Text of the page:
So there's a need to negotiate between the endpoints in order to exchange certificates, verify in the same way that we do with a website, verify the identity of one side or the other, and in some cases both, it certainly supports that, and to establish the cryptographic keying under which all subsequent packets will be encrypted. And then they just made a few other little tweaks to the protocol, essentially taking up a little bit of space in each UDP packet for some context maintenance so that, once the endpoints agreed, they would be able to maintain some context for the connection so that they're able to disambiguate other similar streams running between the endpoints. And that's it.

So essentially the story is a couple guys who really understood security, with a broad, deep background in how to do this right, made minimal changes to the existing OpenSSL package which is used, for example, Apache runs on top of OpenSSL for all of its HTTPS security connections. And it is regarded as the open standard expression of how to do transport layer security correctly. These guys took that. They understood that they did not want to recreate the wheel. No reinvention here. They carefully held back from adding features. And in their paper where they talk about the design of this, they say, look, there were things we could have added that would have been kind of fun. But all of our experience is that it'll just get us into trouble. All we want to do is take a little bit of space from each packet in a UDP packet for the overhead needed. Once we establish a connection, we will use the existing TLS handshake, adding to it only enough to sort of create a little bit of a mini TCP because the handshake has to have in-sequence and guarantee, otherwise we leave this alone.

And that's the DTLS protocol. It exists. It started off as an RFC 4347. And that was in '06. And it was replaced at the beginning of this year when TLS went to v1.2 in order to deal with a problem that we discussed at the time, which was a problem with the CBC mode in which packets were being encrypted. The context from one packet was being carried over into the next, and some clever attackers realized they could use that as a wedge to get in. So v1.2 of TLS fixes that. So at the beginning of this year the RFC covering DTLS was updated to RFC 6347, specifically to - and actually they haven't. They call it DTLS v1.2, not because there were any - there was never any 1.1, but they wanted to keep it in sync with TLS v1.2.

And we now have another protocol that I wouldn't be surprised if we're hearing about more in the future. It's one of the reasons I wanted to give this a podcast was so that our listeners had some foundation and understanding about this because my sense is we'll be hearing that World of Warcraft is now running over DTLS, and it's like, whoa, you know, what's that? Well, now we know. It is datagram-based transport layer security, which is a variation of the existing transport layer security that was originally designed to run over TCP. This one runs over datagrams and doesn't care if some get lost, doesn't care if they arrive out of order. It still gives you privacy from encryption and authentication thanks to that startup handshake. And that's the story.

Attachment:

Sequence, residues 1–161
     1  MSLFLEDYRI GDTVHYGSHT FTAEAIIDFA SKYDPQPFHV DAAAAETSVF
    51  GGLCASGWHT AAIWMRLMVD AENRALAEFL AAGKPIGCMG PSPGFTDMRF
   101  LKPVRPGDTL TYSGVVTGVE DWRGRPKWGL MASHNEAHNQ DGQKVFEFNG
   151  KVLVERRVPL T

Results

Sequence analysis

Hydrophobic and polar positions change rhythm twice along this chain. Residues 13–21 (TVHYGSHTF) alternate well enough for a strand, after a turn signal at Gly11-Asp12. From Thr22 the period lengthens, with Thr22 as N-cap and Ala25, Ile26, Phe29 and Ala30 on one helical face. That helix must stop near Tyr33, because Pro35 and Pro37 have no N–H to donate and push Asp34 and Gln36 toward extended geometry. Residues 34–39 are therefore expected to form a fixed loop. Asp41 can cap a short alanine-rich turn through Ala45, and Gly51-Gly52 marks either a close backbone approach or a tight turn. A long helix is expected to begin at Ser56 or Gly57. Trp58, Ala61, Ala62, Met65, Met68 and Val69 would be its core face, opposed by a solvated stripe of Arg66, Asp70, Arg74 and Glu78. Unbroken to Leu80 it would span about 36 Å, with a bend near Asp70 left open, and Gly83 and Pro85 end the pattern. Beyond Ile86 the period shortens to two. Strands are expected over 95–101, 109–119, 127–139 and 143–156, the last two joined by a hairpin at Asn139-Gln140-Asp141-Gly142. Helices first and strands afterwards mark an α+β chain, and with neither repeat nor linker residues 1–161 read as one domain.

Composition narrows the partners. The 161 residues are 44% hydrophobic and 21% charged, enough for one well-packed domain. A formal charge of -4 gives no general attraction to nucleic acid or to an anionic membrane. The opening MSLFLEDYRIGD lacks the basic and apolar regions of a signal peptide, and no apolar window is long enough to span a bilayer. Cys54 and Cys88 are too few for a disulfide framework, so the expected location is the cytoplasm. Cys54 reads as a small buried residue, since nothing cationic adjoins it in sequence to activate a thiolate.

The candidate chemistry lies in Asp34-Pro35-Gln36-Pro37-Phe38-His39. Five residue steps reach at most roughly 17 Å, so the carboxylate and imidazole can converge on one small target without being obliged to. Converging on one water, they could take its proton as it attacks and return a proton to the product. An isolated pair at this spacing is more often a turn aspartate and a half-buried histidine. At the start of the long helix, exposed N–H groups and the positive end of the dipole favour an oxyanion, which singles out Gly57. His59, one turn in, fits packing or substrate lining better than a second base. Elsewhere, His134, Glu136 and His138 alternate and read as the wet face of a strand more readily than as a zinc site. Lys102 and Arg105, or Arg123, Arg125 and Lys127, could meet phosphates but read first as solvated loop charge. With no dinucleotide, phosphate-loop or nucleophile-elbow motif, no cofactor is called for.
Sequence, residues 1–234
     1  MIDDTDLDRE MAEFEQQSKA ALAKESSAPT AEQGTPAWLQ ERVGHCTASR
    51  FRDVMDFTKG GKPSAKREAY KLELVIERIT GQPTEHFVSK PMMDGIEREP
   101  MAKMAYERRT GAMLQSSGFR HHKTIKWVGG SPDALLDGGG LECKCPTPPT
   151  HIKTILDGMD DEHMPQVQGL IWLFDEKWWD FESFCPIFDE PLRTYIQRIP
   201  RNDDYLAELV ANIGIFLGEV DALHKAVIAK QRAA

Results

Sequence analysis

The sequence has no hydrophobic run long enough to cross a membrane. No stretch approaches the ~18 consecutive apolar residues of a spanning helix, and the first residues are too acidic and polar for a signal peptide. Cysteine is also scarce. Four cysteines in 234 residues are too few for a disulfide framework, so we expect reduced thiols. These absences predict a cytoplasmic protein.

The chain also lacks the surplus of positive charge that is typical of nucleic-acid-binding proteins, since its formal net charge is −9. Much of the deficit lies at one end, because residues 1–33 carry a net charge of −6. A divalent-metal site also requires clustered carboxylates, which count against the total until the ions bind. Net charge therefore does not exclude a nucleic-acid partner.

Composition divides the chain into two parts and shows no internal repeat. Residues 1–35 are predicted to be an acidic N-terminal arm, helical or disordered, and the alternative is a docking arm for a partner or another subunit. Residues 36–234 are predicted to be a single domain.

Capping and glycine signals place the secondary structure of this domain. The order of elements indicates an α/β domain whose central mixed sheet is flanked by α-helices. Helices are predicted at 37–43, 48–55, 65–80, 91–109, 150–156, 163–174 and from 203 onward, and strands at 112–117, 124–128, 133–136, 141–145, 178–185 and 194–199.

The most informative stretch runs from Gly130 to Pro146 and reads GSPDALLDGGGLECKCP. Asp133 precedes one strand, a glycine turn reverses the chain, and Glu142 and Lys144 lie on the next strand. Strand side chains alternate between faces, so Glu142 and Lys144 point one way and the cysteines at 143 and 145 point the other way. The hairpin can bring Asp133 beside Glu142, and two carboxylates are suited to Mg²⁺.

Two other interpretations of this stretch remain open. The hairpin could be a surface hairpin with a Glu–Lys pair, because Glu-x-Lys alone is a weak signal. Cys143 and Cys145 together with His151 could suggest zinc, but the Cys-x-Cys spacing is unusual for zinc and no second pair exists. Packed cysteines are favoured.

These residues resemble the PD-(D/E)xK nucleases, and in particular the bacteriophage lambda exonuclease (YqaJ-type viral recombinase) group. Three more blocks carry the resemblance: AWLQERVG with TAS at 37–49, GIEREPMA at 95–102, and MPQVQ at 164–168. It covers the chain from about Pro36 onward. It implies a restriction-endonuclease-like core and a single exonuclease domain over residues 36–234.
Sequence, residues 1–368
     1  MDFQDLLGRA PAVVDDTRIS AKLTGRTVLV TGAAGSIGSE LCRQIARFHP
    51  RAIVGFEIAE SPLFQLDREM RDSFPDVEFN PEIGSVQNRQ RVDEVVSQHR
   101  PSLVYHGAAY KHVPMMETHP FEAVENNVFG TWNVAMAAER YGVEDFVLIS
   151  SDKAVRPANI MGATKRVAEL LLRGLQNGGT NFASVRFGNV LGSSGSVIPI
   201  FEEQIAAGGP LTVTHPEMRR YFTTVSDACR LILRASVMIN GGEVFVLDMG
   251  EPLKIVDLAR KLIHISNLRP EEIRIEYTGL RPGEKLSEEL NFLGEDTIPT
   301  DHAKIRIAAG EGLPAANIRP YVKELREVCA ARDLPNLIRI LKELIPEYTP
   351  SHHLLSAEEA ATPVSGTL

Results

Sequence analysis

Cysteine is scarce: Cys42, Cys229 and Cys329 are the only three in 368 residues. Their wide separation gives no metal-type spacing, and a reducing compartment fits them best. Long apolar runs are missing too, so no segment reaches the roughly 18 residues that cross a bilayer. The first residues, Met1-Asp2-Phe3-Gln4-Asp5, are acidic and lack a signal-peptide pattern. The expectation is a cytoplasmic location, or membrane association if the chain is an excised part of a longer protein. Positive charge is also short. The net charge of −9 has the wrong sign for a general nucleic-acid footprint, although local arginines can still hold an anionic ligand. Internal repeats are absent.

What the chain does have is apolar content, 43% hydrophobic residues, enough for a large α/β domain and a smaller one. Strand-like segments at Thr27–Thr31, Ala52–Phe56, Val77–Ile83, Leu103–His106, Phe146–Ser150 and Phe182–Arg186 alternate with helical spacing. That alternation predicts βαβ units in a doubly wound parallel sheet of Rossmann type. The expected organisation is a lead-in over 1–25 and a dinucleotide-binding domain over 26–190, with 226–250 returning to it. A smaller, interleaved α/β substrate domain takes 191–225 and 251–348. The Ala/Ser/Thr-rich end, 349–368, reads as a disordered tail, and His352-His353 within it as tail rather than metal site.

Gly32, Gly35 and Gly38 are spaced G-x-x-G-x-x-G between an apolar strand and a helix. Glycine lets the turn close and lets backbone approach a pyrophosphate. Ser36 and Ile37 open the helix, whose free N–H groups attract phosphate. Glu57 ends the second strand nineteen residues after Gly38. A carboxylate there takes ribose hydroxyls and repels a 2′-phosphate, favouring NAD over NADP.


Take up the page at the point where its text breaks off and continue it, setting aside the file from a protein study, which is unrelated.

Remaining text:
Leo: That's the story, morning glory. DTLS. Cool, very cool.

Steve: Yup. Another protocol in the bag.

Leo: [Laughing] Eventually you have to do a whole series of Schoolhouse Rock episodes explaining all of this so that people like me can understand it. Thank you, Steve Gibson. Steve's notes are available online at this website, That's also, by the way, where you'll find 16Kb versions of this show for the bandwidth-challenged. You'll also find transcripts, for those who like to read as they listen. And all of the great stuff Steve offers, including SpinRite, the world's best hard drive maintenance and recovery utility. Lots of freebies there, too. Steve's on Twitter, @SGgrc.

Steve: And before long, Leo, you're going to be able to say, and you'll be able to pick up plans for Steve's acoustic dog training project.

Leo: There are a number of people in the chatroom who say, "I could really use that."

Steve: Leo, the problem is amazing. I mean, it's one of the reasons I feel glad that I'm getting back to this. I felt a little badly that I dropped it. There were people saying, hey, you know, I want one of those. And so one way or another I want to make that possible, make that happen.

Leo: Excellent. Well, you can watch this show 11:00 a.m. Pacific, 2:00 p.m. Eastern time. That would be 1900 UTC on That's when we do it live. But you can also get on-demand audio and video after the fact from us. So you get the small audio from Steve, the larger high-quality audio or video from us at

Steve: And transcripts from me, too, thanks to Elaine.

Leo: Yeah, nice job. All right. Thank you, Steve.

Steve: Okay, my friend. Thank you, and we'll talk next week.

Leo: On Security Now!.